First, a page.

The Russian space program's launching pad is located in the remote Central Asian city of Baikonur, and as space tourism gains popularity, the city's economy is thriving.
"Rockets still pierce the heavens in a halo of smoke during launches, and engineers and military men still crack open bottles of vodka to celebrate a successful launch. What has changed are the passengers. Nowadays Baikonur embraces the world, from wealthy space tourists to the world's first Malaysian cosmonaut, Sheikh Muszaphar Shukor, who blasted off for the international space station on Oct. 10."
"The city itself is a rusting relic of the golden age of Russian rocketry, yet if anything, its place in the space industry is heading toward expansion. For at least four years after the space shuttle program ends in 2010, the U.S. will completely depend on Russia - and Baikonur - to send its crews to the international space station."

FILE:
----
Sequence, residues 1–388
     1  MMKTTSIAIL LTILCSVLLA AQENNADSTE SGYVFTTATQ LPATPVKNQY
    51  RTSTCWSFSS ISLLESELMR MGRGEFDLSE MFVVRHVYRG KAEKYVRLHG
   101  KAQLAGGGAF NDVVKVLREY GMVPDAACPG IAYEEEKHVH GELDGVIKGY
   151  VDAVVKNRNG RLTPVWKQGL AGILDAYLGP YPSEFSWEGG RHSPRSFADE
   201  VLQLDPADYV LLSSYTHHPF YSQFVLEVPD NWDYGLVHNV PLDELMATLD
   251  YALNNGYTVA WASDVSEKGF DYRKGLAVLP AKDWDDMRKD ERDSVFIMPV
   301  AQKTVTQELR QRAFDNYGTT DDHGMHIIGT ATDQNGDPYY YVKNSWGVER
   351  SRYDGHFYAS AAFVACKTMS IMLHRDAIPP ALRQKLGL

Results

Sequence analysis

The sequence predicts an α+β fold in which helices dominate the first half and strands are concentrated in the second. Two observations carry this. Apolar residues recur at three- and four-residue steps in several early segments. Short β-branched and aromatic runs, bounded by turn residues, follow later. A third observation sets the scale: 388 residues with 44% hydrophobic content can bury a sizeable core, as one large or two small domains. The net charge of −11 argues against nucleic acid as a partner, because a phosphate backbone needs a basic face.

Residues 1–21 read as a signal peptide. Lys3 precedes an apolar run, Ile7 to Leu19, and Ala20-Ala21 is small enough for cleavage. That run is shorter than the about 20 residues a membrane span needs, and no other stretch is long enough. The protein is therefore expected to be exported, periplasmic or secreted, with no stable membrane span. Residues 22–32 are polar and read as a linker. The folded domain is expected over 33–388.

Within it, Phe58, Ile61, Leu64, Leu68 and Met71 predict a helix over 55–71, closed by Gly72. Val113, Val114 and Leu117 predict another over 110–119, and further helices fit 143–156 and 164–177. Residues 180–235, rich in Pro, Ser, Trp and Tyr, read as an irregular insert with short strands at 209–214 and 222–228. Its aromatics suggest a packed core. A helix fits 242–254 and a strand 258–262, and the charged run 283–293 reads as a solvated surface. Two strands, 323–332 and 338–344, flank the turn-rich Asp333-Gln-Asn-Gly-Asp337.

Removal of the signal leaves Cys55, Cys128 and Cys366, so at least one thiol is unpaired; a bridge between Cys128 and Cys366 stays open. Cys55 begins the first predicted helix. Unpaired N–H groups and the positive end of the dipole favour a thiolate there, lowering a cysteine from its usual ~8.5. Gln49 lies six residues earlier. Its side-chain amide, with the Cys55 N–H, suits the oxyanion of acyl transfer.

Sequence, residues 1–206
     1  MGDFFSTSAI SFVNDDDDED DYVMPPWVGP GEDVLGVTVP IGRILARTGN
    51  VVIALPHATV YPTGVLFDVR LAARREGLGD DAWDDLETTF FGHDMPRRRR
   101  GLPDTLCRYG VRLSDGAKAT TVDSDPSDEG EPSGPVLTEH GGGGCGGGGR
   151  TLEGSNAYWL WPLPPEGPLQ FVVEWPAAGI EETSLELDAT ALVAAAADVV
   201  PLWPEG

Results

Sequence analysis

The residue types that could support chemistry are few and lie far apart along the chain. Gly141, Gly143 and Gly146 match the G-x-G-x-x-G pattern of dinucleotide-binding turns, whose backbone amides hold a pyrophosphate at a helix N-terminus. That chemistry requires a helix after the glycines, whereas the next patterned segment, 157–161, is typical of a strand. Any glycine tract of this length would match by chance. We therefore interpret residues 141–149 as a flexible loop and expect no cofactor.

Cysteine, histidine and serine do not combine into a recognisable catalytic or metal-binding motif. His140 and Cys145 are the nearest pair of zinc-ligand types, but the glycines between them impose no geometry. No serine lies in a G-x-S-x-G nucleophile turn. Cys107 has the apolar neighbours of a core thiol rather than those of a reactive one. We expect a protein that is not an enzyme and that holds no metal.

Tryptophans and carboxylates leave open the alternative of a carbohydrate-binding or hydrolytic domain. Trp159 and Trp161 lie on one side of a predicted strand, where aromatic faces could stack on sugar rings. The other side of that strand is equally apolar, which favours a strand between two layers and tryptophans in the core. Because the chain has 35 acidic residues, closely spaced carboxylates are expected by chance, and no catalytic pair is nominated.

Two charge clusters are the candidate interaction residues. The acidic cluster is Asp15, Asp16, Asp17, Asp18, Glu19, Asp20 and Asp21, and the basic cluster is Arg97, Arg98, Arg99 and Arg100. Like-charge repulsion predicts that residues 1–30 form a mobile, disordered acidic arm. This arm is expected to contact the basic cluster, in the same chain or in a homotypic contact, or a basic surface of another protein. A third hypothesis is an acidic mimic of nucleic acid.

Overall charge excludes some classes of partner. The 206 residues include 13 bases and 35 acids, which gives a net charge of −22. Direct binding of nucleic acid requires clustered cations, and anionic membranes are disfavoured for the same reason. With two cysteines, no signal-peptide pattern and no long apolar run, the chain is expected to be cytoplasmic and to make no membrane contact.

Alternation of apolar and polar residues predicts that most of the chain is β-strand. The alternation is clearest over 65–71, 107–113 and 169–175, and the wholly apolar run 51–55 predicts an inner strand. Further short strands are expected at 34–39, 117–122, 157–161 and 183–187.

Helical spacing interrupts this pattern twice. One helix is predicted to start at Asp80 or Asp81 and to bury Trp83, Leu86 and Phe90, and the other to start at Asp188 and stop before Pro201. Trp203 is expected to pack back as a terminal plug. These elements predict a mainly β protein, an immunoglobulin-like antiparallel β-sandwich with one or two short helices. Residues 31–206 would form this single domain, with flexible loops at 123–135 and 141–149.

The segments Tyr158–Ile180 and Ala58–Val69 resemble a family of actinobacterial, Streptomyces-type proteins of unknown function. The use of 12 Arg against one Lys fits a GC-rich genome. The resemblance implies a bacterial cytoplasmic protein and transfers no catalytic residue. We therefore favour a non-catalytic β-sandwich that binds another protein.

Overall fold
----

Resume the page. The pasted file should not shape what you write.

"As Russia's economy has recovered and oil prices swell, Moscow has begun spending on Baikonur again. The city also benefits from Russia's booming trade in commercial satellite launches and space tourism. In April, Charles Simonyi, the U.S. billionaire who helped design Microsoft Word and Excel, became the world's fifth such tourist, spending $25 million to visit the space station."
"So despite its Soviet character - or perhaps partly because of it - Baikonur remains a magnet for Russians and Kazakhs looking for a decent job."